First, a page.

Uveal melanoma guidelines

Uveal melanoma is a very rare form of the disease, which is managed differently from other melanomas. Comprehensive guidance on this subject was developed for the first time in 2015. This guideline was developed by a leading clinical and research specialist interdisciplinary group with patient input. While much of the guideline is still current, the 2022 guidelines updated the following sections:

  • molecular pathology and features
  • prognostic markers
  • loco-regional management of hepatic predominant disease
  • management of metastatic disease
  • adjuvant radiation therapy
  • support of patients

Uveal melanoma is a very rare form of the disease, it requires different clinical management from other melanomas

Uveal Melanoma Guidelines

We are extremely grateful to Dr Paul Nathan, Trustee (consultant medical oncologist, Mount Vernon Cancer Centre) for chairing the guidelines development group (GDG) which formed in 2020 to review the 2015 guidelines. The group from fields of medical oncology, clinical oncology, radiology, pathology, uveal melanoma science and patient representation with project management and methodological support provided by Mrs Nancy Turnbull, the Project Manager.

Follow the individual links below for the relevant guidelines:

uveal diagram

Following the completion of the Uveal melanoma guidelines, Dr Paul Nathan stated:

“The Uveal Melanoma National Guidelines have recommended standards of care for all of our patients across the UK. These updated guidelines include recent advances in our understanding of the distinct biology of this disease, assess the evidence for recent improvements in care and have a renewed focus on patient experience. We believe they will continue to be an important reference document for patients, their supporters and clinicians.  I would like to particularly thank Nancy Turnbull for facilitating the process and my colleagues on the guidelines committee who have given so much of their time and expertise to this worthwhile effort. Furthermore, these updated guidelines wouldn’t have materialised without the funding from Melanoma Focus who received a welcome donation from OcuMel UK”.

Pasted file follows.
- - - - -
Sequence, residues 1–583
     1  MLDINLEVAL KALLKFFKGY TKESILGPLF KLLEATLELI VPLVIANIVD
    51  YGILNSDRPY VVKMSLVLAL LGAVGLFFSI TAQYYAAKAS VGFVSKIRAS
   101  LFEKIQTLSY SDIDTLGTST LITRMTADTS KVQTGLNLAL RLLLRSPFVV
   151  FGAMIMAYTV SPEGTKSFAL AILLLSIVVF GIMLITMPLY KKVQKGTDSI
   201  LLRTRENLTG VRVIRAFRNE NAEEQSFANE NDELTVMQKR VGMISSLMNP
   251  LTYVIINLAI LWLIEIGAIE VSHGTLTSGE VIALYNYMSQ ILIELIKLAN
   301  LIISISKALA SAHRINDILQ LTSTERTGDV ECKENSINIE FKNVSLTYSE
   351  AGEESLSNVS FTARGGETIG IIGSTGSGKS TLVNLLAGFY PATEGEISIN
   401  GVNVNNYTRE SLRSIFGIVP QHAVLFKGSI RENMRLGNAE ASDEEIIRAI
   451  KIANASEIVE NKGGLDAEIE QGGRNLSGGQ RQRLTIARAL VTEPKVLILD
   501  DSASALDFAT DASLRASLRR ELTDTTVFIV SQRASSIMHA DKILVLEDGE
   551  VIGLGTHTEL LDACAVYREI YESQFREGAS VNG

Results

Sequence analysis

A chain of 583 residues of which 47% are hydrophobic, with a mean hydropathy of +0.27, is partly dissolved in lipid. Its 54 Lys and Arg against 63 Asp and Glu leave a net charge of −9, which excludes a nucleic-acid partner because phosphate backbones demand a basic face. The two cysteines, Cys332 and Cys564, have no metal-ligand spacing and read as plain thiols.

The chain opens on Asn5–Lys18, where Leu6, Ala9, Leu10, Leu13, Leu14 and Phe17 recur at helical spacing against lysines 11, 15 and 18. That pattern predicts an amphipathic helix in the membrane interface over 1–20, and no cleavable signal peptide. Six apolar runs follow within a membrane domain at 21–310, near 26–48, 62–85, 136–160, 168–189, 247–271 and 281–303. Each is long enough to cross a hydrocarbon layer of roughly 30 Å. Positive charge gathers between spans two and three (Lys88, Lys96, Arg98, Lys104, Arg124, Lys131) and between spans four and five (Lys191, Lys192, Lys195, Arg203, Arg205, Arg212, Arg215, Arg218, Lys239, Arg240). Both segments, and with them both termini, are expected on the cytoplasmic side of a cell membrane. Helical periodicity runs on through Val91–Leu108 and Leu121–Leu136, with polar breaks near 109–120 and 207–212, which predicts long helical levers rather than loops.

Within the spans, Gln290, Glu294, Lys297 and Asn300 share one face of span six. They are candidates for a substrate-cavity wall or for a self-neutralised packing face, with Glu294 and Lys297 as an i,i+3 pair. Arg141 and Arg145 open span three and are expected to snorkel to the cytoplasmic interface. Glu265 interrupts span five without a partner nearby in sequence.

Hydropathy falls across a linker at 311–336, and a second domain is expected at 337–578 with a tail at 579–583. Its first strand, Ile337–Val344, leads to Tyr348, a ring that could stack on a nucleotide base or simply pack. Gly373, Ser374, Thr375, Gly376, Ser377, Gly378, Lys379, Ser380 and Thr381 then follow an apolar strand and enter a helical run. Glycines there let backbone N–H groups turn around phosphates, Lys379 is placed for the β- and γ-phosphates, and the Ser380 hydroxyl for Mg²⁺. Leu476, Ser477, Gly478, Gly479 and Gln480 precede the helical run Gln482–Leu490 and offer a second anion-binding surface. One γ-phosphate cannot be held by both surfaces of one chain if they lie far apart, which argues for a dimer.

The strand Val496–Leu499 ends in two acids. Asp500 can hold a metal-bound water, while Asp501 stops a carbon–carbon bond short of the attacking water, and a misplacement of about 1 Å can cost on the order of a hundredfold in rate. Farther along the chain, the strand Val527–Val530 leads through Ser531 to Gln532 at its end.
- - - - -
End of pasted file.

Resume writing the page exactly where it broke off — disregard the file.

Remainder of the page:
Essential Ocular Oncology: A Guide for Practitioners

Professor Bertil Damato has provided password protected access to Essential Ocular Oncology: A Guide for Practitioners.

This has been password protected as the pictures of patients used in this guideline were collected over the past 22 years and during this time a proportion of the patients have died, this has meant that the authors of the guide have been unable to obtain consent to show the patients pictures in the public domain. Therefore, this guide can only be used for professional teaching purposes.

Click here to access the password protected document.

Update of Metastatic Surveillance of Uveal Melanoma

Melanoma Focus have set up a Guideline Development Group (GDG) to update the metastatic surveillance of Uveal Melanoma guideline which was originally published in 2015. This work will commence in September 2022.